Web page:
Cardiovascular disease (CVD) is one of the leading causes of death across the world. CVD can lead to angina, heart attacks, heart failure, strokes, and eventually, death; among many other serious conditions. The early intervention with those at a higher risk of developing CVD, typically with statin treatment, leads to better health outcomes. For this reason, clinical prediction models (CPMs) have been developed to identify those at a high risk of developing CVD so that treatment can begin at an earlier stage. Currently, CPMs are built around statistical analysis of factors linked to developing CVD, such as body mass index and family history. The emerging field of machine learning (ML) in healthcare, using computer algorithms that learn from a dataset without explicit programming, has the potential to outperform the CPMs available today. ML has already shown exciting progress in the detection of skin malignancies, bone fractures and many other medical conditions. In this review, we will analyse and explain the CPMs currently in use with comparisons to their developing ML counterparts. We have found that although the newest non-ML CPMs are effective, ML-based approaches consistently outperform them. However, improvements to the literature need to be made before ML should be implemented over current CPMs.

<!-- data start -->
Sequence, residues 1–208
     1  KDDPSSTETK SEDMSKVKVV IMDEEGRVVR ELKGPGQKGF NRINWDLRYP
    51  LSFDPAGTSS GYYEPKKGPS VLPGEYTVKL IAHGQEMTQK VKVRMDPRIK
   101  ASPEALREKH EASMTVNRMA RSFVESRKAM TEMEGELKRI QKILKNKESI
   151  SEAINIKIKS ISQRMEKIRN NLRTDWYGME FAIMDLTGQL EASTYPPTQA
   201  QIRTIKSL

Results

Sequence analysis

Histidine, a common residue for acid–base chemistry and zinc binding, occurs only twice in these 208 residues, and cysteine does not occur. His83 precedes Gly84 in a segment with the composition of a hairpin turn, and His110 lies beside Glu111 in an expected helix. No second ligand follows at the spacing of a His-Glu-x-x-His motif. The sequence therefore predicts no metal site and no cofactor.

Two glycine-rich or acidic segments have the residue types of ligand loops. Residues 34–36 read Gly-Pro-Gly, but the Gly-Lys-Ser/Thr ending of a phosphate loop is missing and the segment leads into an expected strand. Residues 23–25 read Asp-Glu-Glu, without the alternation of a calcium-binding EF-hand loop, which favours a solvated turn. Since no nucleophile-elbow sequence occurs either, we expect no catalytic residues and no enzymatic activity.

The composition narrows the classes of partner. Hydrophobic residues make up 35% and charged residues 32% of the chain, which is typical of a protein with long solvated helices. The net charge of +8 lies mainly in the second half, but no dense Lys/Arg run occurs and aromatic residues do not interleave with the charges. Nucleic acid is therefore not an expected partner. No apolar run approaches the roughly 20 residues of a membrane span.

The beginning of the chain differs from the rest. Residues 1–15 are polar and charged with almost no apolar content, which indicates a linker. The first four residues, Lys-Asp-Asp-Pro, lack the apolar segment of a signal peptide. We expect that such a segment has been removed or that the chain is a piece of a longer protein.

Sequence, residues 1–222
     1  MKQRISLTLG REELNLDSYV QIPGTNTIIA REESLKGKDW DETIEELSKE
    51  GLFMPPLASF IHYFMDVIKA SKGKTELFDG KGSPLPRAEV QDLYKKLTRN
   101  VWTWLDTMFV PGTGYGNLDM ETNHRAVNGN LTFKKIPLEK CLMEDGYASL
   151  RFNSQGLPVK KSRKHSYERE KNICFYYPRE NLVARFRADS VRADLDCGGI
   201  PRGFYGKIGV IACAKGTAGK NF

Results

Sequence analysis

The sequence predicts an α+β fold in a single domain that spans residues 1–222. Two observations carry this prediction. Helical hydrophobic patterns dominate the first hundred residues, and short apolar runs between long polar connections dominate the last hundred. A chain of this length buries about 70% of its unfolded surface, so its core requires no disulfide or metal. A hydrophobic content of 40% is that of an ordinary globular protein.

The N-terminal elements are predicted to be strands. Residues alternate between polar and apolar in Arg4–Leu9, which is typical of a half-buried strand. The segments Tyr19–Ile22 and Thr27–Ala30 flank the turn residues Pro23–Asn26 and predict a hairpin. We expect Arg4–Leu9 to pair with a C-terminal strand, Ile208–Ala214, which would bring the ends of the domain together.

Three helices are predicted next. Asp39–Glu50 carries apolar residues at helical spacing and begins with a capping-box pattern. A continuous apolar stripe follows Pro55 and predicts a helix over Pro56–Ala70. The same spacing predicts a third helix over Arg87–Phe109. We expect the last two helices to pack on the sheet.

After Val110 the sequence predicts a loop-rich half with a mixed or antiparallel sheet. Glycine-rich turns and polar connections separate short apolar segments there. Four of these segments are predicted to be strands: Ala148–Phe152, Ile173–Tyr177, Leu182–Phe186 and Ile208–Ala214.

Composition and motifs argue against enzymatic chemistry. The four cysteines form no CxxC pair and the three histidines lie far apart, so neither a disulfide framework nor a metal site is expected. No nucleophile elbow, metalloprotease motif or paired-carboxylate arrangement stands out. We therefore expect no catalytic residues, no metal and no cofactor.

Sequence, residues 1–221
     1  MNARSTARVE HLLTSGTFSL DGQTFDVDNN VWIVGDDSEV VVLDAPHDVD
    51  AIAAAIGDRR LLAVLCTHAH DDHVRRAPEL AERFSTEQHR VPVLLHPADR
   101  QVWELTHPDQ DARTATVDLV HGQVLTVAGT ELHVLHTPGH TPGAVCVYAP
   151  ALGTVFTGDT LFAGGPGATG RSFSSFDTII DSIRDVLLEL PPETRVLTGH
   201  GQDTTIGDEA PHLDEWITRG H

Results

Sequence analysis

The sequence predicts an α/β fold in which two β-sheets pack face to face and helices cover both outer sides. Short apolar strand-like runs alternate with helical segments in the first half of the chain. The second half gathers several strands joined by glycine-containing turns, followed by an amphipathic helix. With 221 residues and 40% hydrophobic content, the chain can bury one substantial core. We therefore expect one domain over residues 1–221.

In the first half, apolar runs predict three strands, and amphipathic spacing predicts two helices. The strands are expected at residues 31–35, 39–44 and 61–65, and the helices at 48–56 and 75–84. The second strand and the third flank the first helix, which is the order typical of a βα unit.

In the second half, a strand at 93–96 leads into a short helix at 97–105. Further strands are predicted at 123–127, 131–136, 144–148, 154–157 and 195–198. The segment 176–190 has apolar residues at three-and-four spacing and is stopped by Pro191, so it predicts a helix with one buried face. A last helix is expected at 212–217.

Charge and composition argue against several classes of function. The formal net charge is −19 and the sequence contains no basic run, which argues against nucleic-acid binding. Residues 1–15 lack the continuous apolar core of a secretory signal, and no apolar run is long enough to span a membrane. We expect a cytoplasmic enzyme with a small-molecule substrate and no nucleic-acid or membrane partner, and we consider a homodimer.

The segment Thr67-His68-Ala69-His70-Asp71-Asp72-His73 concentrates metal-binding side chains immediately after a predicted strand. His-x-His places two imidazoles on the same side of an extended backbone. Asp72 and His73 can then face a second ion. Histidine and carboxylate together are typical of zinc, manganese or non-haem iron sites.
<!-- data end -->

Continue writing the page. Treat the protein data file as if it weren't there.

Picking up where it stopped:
- general medicine (see Internal Medicine)
- public health
- statistics & research methods
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Contributors SA: conception and design of study, acquisition of data, analysis and/or interpretation of data, drafting the manuscript, approval of submission. RO: analysis and/or interpretation of data, revising the manuscript critically for important intellectual content, approval of submission. RB: analysis and/or interpretation of data, revising the manuscript critically for important intellectual content, approval of submission.
Funding The authors have not declared a specific grant for this research from any funding agency in the public, commercial or not-for-profit sectors.
Competing interests None declared.
Provenance and peer review Not commissioned; externally peer reviewed.